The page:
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Jul 3, 2019
This week’s theme
Whose what?

This week’s words
cat's pajamas
Zeno's paradox
Godwin's law
child's play
Plato's cave

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with Anu Garg

Godwin’s law

(GOD-winz law)

noun: The idea that as a debate progresses, it becomes inevitable that someone would compare another to Hitler or the Nazis.

Coined by Mike Godwin (b. 1956). Earliest documented use: 1991.

Lawyers don’t make laws, but a lawyer once did make a “law”. Back when people lived in caves, they used something called the Usenet to engage in discussions with people around the world. These discussions involved passionate arguments and debates on humanity’s deep yearnings and moral dilemmas. Is it pronounced gif or jif? Is Mac better or PC? Does it take one space or two after a period? The Who vs. Led Zeppelin. vi vs. emacs?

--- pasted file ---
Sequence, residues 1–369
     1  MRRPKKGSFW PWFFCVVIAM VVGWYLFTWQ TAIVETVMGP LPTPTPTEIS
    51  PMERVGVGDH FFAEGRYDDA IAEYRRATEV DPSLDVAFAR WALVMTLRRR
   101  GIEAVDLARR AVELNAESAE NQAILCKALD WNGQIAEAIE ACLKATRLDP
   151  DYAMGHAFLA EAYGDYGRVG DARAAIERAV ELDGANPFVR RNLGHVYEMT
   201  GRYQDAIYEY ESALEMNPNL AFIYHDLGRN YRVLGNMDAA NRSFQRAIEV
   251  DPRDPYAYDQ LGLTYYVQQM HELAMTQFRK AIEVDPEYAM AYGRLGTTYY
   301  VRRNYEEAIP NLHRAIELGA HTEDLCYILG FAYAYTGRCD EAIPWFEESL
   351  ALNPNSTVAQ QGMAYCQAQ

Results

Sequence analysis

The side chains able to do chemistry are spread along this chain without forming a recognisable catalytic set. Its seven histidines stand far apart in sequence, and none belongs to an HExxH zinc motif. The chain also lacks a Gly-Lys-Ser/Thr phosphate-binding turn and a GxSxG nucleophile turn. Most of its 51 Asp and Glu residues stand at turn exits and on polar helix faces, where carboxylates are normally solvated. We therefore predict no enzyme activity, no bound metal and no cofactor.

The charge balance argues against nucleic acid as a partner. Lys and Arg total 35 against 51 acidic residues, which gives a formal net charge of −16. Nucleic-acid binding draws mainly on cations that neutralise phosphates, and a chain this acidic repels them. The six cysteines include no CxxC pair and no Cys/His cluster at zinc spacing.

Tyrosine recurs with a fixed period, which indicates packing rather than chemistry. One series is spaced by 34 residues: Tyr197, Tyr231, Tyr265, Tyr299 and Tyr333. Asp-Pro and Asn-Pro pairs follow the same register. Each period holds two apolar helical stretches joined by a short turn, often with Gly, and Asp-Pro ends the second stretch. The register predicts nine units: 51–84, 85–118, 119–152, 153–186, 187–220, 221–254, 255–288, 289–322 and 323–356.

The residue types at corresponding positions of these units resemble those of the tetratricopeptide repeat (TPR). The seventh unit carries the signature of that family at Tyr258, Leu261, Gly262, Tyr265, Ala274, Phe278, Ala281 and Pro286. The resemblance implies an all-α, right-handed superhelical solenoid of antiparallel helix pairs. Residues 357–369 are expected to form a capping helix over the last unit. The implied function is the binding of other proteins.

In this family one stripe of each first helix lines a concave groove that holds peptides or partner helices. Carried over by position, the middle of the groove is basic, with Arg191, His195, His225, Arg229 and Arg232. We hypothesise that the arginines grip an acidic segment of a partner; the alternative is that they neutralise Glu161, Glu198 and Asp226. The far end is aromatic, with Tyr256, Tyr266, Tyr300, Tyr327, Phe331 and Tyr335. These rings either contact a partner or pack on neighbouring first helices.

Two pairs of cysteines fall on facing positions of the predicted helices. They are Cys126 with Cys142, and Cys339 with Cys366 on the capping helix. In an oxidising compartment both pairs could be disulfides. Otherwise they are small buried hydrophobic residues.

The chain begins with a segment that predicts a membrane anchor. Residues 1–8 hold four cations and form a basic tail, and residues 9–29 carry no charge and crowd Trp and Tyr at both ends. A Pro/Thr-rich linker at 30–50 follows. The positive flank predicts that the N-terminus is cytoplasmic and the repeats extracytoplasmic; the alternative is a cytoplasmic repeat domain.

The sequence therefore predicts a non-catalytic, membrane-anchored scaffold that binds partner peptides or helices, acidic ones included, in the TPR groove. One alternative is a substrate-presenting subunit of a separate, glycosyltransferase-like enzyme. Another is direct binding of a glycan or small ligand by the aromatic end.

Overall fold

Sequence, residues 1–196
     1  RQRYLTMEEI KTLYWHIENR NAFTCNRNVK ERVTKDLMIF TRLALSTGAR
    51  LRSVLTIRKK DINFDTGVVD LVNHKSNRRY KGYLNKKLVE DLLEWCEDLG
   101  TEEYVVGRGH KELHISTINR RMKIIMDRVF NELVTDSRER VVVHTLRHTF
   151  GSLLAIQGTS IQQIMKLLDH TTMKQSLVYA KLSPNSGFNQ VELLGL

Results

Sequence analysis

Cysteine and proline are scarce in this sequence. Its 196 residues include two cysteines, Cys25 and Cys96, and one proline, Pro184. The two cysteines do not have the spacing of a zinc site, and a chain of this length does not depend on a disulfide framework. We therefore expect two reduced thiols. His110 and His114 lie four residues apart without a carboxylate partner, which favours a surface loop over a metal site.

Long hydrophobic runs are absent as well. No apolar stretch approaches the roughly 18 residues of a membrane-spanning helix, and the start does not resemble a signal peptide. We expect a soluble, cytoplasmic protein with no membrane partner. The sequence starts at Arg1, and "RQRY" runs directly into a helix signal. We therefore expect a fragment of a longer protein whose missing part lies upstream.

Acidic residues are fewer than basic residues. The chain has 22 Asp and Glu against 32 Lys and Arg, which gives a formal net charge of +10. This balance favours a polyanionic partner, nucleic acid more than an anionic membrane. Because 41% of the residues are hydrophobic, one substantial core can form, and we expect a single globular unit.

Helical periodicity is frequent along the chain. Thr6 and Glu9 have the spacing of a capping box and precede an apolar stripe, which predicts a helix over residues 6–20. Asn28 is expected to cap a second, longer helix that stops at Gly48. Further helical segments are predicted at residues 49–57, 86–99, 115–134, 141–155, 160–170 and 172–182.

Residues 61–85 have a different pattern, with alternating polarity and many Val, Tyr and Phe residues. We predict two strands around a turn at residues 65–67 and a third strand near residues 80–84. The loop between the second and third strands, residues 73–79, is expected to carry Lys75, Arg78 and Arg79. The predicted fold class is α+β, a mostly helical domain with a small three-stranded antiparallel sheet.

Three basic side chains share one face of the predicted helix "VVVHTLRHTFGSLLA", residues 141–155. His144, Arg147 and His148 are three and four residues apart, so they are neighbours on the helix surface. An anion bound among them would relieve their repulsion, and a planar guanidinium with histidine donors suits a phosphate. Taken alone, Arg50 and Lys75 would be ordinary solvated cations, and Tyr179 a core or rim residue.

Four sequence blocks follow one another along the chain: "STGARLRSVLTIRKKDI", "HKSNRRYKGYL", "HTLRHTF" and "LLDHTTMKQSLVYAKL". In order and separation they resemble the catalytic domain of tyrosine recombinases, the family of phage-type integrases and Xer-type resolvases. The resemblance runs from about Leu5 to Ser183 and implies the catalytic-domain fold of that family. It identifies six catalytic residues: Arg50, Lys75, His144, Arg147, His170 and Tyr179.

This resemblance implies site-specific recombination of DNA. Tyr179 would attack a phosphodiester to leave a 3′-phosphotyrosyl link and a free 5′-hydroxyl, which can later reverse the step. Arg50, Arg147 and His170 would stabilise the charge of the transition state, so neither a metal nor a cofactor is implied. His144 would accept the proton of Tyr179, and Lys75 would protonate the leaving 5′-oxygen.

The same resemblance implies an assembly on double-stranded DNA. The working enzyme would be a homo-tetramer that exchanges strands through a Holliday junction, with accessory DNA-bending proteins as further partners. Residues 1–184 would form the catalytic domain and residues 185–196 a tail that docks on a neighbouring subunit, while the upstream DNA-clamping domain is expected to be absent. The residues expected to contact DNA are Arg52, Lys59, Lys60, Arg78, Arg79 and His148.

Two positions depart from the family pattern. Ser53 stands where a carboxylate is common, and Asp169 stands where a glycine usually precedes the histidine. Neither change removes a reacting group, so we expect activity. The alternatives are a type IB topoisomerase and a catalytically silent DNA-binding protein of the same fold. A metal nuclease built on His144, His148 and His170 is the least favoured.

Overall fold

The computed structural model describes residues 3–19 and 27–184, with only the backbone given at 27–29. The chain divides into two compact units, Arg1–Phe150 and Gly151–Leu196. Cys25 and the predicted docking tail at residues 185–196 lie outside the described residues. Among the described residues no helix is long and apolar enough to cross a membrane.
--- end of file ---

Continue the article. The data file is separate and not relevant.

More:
A lawyer named Mike Godwin coined an adage that stated: “As a Usenet discussion grows longer, the probability of a comparison involving Nazis or Hitler approaches one.” Since then Godwin’s law has served as a useful reminder that whenever a comparison to Hitler or Nazis is made, the discussion is over and the one making such a comparison loses.

There is, however, an exception. When actual Nazis (or as our president calls them, “very fine people”) are involved in a discussion, invoking Godwin’s law doesn’t mean anything. Godwin himself has stated that many times.

“In 2017, neo-Nazis claimed to be offended by the video game Wolfenstein 2, since it had the hero shooting Nazis. If you self-identify as a neo-Nazi, you can’t claim Godwin’s Law when people lump you in with Hitler and the Nazis.”
Eamonn Brosnan; Taking Offence for All the Wrong Reasons; Winnipeg Free Press (Canada); Mar 21, 2019.

Now I can look at you in peace; I don't eat you any more. -Franz Kafka, novelist (3 Jul 1883-1924) [while admiring fish in an aquarium]

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